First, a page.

On April 24, 1996, the jury returned a guilty verdict on Count I abusive sexual contact (intentional touching of genitalia with hand) and on Count III aggravated sexual abuse (contact between penis and vulva). Wright was found not guilty of Count II aggravated sexual abuse (penetration of genitalia with finger). Wright's motion for a new trial was denied, and he was sentenced to 189 months. Wright appeals.
Wright first argues that the evidence was not sufficient to convict him. Wright's two pronged argument can be summarized as follows: (1) because of the lack of physical or other evidence, the government's case rests on the testimony of A. Doe, who cannot be believed; and (2) because the jury acquitted Wright on Count II (penetration of genitalia with finger) it is logically inconsistent to convict him on count I (touching genitalia with hand). We disagree.
The Federal Constitution's Due Process Clause protects "the accused against conviction except upon proof beyond a reasonable doubt of every fact necessary to constitute the crime with which he is charged." In re Winship, 397 U.S. 358, 364 (1970). Our task in reviewing a claim of insufficiency of the evidence is to determine "whether, after viewing the evidence in the light most favorable to the prosecution, any rational trier of fact could have found the essential elements of the crime beyond a reasonable doubt." Jackson v. Virginia, 443 U.S. 307, 319 (1979). We will draw all reasonable inferences from the evidence in favor of the prosecution. See United States v. Larson, 110 F.3d 620, 624 (8th Cir. 1997).
Wright's first argument amounts to an assertion that the jury erred in weighing credibility. Wright asserts that the jury did not properly consider both A. Doe's suggestibility after being repeatedly questioned in unrecorded interviews and A. Doe's inconsistencies in remembering such details as whether or not she had school on the day of the abuse or what time of day the abuse took place. However, despite Wright's assertion that "'nobody is going to believe a little kid, anyway,'" Trial Tr. at 72 (testimony of I. Doe); see also id. at 377, the jury was free to do just that.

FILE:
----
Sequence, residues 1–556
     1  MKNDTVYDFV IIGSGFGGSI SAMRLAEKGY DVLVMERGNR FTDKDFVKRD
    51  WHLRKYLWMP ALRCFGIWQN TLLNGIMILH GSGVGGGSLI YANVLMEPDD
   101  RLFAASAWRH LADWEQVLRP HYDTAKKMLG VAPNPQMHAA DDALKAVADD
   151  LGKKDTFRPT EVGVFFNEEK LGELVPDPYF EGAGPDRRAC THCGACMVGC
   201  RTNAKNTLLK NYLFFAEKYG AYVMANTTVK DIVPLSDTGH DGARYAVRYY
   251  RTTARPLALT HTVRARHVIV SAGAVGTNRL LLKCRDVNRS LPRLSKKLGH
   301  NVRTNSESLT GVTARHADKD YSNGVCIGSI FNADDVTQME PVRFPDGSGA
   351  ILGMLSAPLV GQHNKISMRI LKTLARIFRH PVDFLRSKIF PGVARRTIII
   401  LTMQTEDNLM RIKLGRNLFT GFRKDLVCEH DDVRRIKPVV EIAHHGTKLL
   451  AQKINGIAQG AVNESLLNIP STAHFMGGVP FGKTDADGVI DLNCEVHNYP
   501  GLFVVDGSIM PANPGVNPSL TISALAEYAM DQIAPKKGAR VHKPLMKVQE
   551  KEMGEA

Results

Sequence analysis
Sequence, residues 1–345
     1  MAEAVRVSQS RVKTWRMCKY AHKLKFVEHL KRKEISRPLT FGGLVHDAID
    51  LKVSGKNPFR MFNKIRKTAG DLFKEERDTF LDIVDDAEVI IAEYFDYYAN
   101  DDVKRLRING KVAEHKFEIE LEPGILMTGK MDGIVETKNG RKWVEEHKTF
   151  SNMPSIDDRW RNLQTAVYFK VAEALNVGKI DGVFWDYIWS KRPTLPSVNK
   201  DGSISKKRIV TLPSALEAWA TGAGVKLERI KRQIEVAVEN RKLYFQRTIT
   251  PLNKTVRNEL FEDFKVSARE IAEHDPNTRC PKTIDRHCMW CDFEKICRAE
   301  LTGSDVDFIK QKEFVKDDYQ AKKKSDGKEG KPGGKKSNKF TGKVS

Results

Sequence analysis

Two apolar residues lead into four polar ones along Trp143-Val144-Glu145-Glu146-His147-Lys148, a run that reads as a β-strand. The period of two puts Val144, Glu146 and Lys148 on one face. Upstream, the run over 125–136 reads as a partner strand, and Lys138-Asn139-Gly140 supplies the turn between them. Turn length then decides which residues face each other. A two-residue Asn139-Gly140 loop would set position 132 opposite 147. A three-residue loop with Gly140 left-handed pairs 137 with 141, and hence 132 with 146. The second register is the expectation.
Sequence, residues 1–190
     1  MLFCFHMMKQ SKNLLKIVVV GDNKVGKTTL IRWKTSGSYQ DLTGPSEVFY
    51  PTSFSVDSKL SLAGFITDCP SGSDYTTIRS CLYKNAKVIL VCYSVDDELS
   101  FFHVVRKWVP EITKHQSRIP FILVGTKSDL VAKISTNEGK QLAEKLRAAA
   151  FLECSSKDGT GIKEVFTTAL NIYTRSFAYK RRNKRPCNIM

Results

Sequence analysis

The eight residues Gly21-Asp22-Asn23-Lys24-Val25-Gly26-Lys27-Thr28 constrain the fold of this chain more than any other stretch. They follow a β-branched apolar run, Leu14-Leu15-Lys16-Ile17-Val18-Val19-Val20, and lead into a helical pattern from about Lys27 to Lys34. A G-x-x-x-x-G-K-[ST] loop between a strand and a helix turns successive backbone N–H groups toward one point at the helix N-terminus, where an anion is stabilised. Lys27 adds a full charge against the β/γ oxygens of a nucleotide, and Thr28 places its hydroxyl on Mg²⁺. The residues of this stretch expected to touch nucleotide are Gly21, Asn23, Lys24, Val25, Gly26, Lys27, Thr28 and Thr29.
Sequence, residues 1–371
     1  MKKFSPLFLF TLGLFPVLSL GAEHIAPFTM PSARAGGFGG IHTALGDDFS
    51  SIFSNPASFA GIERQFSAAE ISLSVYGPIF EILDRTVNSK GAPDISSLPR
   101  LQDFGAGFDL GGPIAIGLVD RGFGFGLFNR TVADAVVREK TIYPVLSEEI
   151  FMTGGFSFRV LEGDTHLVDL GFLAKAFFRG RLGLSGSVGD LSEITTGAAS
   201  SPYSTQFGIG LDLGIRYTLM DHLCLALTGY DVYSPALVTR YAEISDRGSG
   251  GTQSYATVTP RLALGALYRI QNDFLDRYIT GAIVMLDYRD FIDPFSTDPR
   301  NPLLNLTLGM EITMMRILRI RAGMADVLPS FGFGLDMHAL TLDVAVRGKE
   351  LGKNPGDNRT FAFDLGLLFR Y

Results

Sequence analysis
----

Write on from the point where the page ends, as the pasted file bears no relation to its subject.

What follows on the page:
This Court has repeatedly made clear that "[i]t is the sole province of the jury to weigh the credibility of a witness." United States v. Martinez, 958 F.2d 217, 218 (8th Cir. 1992); see also United States v. Robinson, 110 F.3d 1320, 1323-24 (8th Cir. 1997); United States v. Smith, 104 F.3d 145, 148 (8th Cir. 1997); United States v. Gordon, 974 F.2d 97, 100 (8th Cir. 1992); United States v. Fortenberry, 973 F.2d 661, 664 (8th Cir. 1992); United States v. Thompson, 972 F.2d 201, 203 (8th Cir. 1992); Bachman v. Leapley, 953 F.2d 440, 441 (8th Cir. 1992). The jury heard testimony regarding the suggestibility of children. See Trial Tr. at 338-42 (testimony of the defense's expert Dr. Steven Manlove); id. at 288-90 (testimony of the government's expert Margaret Pier). The jury also heard testimony regarding A. Doe's inconsistencies in remembering such details as whether or not she had school on the day of the abuse or what time of day the abuse took place. See id. at 187 (testimony of A. Doe that the touching took place after school when the rest of the kids were at school); id. at 96, 102 (testimony of Dr. Lopez that A. Doe told him that Wright touched her Friday morning, a day when there was no school); cf. id. at 191 (testimony of A. Doe that it happened around the 4th of July with loud explosions and fireworks going on around). Nevertheless, after hearing all of the testimony, the jury was free to give whatever weight they chose to A. Doe's testimony. See Martinez, 958 F.2d at 218.